What are your thoughts on the institution of marriage?  Do you still have faith that "happily ever after" can be a reality?


Sep 9, 2012

When Being Single Sucks

This week, I've had a world of trouble with my car, Betsy.  It all started on Tuesday morning.  After dropping my kids off at school, I took my usual back road route to avoid traffic on the major roads and hopefully make it to work on time.  It had rained the night before so the roads were still a little wet.  The road curved and as I turned my steering wheel, I felt it lock and my car began to turn more sharply than I intended.  I was headed for the grassy area and trees on the side of the road and all I could do was scream and pray.  I can honestly say it was the most scary moment of my life.  I was thankful my kids were not in the car to experience that.  I would hate for them to have that memory for the rest of their lives.

I truly believe God was in the car with me at that moment.  I could feel the car spinning 180 degrees but it was like it was happening in slow motion.  Like He was guiding the car as it was spinning.  My car ended up facing the direction I had come from, but thankfully did not hit any other cars or trees.  I had no damage to my car or my body.  But I was in an awkward position facing oncoming traffic, which had to swerve at the last moment to avoid hitting me.  I was finally able to get myself together and got my car back on the right side of the road.  I drove like a granny all the way to Discount Tire to get my tires replaced.  Cost me a fortune . . . but worth it for the safety of my children and me.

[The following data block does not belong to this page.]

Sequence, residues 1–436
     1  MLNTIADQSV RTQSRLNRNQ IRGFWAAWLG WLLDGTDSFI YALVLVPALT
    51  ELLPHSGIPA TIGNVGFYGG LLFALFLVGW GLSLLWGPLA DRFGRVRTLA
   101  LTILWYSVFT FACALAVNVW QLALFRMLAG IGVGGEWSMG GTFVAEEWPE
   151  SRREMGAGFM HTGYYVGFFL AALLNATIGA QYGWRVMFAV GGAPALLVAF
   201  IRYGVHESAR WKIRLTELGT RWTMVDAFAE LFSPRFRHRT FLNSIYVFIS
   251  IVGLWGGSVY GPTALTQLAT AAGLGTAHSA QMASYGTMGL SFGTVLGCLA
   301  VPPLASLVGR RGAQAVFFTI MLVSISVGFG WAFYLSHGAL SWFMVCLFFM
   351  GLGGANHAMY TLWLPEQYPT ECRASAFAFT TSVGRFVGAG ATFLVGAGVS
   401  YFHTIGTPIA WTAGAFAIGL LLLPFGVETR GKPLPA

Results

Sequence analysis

Fast forward two days.  I think I'm sitting pretty right?  I replaced my brakes and practically everything under the hood of my car in April.  I just got brand new tires.  What could go wrong, I asked myself??  There's nothing else that can be replaced!

Famous last words . . .

After my son's soccer practice on Thursday, the kids and I piled into the car ready to go home to watch Big Brother 14 (we love that show!).  I turn the key in the ignition . . . I hear a choking sound.  Not good.  Strangely enough, the lights and radio came on but the engine would not turn over.  I tried again, willing it to magically start.  Still, nothing. 

Those of you who know me know I DO NOT like to ask for help.  EVER.  Call me prideful.  Call me stubborn.  I just hate to inconvenience other people by asking them to help me to do something I can't do for myself. 

My kids, on the other hand, are completely fine with asking for help.  I'm thankful they did not inherit the "I'll do it myself even though it'll be a struggle" gene from me!  They encouraged me to ask for help from the coaches and parents and, in the spirit of teamwork, they all pulled together to get Betsy going again.  They actually cheered and clapped when it started.  It was a victorious moment for the team!

Fast forward another 2 days.  I hadn't had chance to take the car in to make sure it was the battery and nothing else giving me trouble, but Betsy was running fine so I thought maybe it was a one off.  About 30 minutes before leaving for K and J's soccer games on Saturday morning, I started the car up and it was fine.  So you can imagine my despair when we all hopped in the car, I turned the key in the ignition and Betsy started croaking again.  Are you kidding me?!?!?!?  I have to ask someone for a jump AGAIN??  And it's 9:30am on a Saturday morning!  Even more of an inconvenience!